Shane Bracken of Swinford AC (right) tracks Sean Tobin of Clonmel AC, Tipperary (left) and Luke Houser (centre) of University of Washington during the historic mile record attempt staged at Croke Park as part of the GAA’s Tailteann Games commemoration yesterday. Photo: John Sheridan | Sportsfile

Mayo athlete helps GAA commemorate centenary of Ireland’s Olympic participation

The GAA made a presentation at Croke Park yesterday (Sunday) to celebrate its athletics past and to commemorate a century of Ireland’s Olympic Games involvement.

Representatives of the Olympic Federation of Ireland, Olympians and Paralympians were guests of honour at the Galway-Waterford camogie quarterfinal and Limerick-Cork hurling All-Ireland semi-final.

The event marked 100 years since the first official Team Ireland competed at an Olympics in Paris in 1924 – a team that featured Gaelic football stars Larry Stanley of Kildare in the high jump and Mayo sprinter Seán Lavan, the man who invented the solo run.

The godfather of Ireland’s Olympic participation was Limerick native J.J. Keane, a member of the GAA’s Central Council, chair of the GAA Athletics Committee from 1906 to 1922 and a double football All-Ireland winner with his adopted club Geraldines in Dublin. He was also Ireland’s first ever representative on the International Olympic Committee.

The summer of 1924 also featured the staging of the Tailteann Games by the Irish Free State, a Celtic Olympiad for the Irish diaspora which was largely based at Croke Park and held in 1924, 1928 and 1932.

As well as a presentation to the OFI, the GAA facilitated the staging of a novel mile run on the pitch – an event that has not been held at Croke Park since 1966, when the late Kerry Olympian and Gaelic games journalist Tom O’Riordan set a time of 4.12.1 for running a mile over five laps of the pitch in a Tailteann Games athletics event.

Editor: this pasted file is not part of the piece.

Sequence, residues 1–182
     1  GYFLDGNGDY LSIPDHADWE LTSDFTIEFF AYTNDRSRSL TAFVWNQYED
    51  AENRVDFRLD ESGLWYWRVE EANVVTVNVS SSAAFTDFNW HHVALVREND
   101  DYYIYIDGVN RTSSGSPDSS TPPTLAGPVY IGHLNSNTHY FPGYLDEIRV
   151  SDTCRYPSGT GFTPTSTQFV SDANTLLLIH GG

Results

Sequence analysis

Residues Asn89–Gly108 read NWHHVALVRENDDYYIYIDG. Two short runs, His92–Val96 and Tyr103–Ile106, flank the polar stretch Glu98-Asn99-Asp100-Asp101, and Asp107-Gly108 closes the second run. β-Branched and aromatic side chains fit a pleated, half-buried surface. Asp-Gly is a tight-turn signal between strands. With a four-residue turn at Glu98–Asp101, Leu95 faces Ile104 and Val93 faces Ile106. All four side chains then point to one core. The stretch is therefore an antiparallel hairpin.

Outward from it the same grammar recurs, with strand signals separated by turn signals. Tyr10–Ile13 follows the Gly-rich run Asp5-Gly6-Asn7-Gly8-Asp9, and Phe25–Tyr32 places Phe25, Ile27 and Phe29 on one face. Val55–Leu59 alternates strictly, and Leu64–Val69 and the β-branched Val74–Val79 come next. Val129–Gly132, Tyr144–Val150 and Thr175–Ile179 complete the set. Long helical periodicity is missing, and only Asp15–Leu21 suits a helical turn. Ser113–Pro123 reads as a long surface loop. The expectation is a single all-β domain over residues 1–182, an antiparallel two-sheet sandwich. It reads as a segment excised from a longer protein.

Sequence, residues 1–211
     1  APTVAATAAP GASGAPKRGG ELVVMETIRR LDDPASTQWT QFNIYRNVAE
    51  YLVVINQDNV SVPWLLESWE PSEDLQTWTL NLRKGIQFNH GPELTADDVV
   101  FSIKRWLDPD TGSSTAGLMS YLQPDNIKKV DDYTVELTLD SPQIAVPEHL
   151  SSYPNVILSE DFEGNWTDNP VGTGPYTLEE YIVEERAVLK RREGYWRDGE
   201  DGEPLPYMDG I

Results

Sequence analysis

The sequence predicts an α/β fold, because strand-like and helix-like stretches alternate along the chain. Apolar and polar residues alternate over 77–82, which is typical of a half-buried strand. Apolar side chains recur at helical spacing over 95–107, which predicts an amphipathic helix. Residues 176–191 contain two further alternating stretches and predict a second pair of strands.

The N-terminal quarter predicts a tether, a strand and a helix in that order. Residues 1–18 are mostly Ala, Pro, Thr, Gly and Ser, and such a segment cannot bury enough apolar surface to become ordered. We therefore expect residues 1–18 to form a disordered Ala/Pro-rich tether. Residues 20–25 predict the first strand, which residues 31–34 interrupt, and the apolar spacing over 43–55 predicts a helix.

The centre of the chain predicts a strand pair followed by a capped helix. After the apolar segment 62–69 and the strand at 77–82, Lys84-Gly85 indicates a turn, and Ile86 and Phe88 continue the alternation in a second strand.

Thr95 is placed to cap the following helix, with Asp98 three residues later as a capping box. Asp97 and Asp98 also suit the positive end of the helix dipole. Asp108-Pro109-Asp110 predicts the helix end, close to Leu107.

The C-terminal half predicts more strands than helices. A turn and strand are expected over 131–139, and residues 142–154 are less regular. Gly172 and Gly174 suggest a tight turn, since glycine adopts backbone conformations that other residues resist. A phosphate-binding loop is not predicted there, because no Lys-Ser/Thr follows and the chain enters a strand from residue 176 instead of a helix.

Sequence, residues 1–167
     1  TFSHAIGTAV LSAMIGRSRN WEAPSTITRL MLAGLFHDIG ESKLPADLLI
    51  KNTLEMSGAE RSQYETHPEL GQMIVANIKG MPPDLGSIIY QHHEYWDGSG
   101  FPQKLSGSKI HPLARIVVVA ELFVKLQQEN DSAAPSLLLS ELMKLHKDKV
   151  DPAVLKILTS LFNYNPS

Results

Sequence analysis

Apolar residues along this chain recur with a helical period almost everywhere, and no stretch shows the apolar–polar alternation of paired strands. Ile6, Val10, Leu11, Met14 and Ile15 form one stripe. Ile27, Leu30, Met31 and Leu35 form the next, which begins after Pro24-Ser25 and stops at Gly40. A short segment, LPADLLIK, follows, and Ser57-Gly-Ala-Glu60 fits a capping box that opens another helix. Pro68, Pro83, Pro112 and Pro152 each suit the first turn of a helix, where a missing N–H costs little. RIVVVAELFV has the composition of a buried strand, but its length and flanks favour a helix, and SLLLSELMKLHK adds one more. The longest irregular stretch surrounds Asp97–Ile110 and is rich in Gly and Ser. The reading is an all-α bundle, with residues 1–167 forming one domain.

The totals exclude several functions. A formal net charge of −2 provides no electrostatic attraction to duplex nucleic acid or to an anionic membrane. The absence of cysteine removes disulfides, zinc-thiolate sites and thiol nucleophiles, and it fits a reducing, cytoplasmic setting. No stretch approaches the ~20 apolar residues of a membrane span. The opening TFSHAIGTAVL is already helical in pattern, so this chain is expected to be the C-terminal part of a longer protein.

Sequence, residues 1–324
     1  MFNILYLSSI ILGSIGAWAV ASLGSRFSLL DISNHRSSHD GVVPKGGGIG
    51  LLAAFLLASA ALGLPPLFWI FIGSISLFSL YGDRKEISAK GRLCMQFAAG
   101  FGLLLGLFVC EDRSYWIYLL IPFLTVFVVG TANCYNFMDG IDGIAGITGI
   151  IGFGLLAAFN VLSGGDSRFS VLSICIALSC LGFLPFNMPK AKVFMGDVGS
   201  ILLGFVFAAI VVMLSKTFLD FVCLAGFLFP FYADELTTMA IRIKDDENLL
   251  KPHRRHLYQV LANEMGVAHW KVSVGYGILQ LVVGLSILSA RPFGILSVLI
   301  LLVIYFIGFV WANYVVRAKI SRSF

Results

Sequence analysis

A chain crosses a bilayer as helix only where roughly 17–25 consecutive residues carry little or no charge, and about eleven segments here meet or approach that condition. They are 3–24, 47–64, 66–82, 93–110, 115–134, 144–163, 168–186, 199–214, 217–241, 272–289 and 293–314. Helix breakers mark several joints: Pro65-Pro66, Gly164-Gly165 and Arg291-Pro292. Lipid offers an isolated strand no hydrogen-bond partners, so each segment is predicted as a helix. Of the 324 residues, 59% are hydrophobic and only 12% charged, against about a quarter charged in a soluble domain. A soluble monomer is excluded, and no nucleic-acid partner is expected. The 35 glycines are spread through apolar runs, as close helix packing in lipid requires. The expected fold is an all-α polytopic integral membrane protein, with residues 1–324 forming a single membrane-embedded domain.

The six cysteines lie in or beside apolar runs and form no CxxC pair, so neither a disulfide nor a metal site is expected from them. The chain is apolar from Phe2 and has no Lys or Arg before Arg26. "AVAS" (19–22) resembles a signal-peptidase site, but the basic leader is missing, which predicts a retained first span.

The field of runners assembled to tackle the record on Sunday featured Mayo's Shane Bracken, a member of Swinford AC.

Uachtarán CLG Jarlath Burns said: “We are the Gaelic Athletic Association and as such we are enormously proud of the rich history and heritage that exists in the athletics exploits of our members.

“From our first president and internally renowned athlete Maurice Davin through to the outstanding role model, new European champion and camogie player Ciara Mageean, there is a link between Gaelic games and athletics that is worth celebrating.

“This occasion affords us the opportunity to not only commemorate our athletics past, but also remember the achievement that was the Tailteann Games, the involvement of GAA members in previous Olympics, and especially wish the 2024 Team Ireland bon voyage and adh mór ahead of their departure for Paris this week.”

The announcement of Sunday's event last week came on the day that the GAA also remembered the achievement of GAA member Tom Kiely from Ballyneale in Tipperary, regarded as the greatest athlete of his generation who was crowned all-round champion in the 1904 Games in St. Louis.


On the Croke Park turf yesterday, American Luke Houser from Seattle, the NCAA Mile champion, justified his favourite tag when he surged through on the last of the five laps to win in a time of 4.10.39.

Irish runners completed the podium, with Shane Bracken (4.10.88) and Seán Tobin (4.11.79) of Clonmel AC, Tipperary, hot on Houser's heels.

All three were inside the previous record, which had stood since Tom O’Riordan's 1966 run.

A slow pace in the opening lap was blamed for a failure to break the four-minute mile barrier, but the action was well received by the packed stadium and proved a novel and fitting way of bringing the Tailteann Games history of Croke Park to life.

GAA director general Tom Ryan presented Olympic Federation of Ireland CEO Peter Sherrard with an artwork commissioned from painter and former Dublin hurling captain David Sweeney from Ballyboden St. Enda's. He is a grandson of Jack Sweeney, who coached Ronnie Delaney to his gold medal for Ireland in the mile at the Melbourne Olympics of 1956. Also in attendance were elite Irish athletes Mark English from Donegal and new European champion Phil Healy from Cork.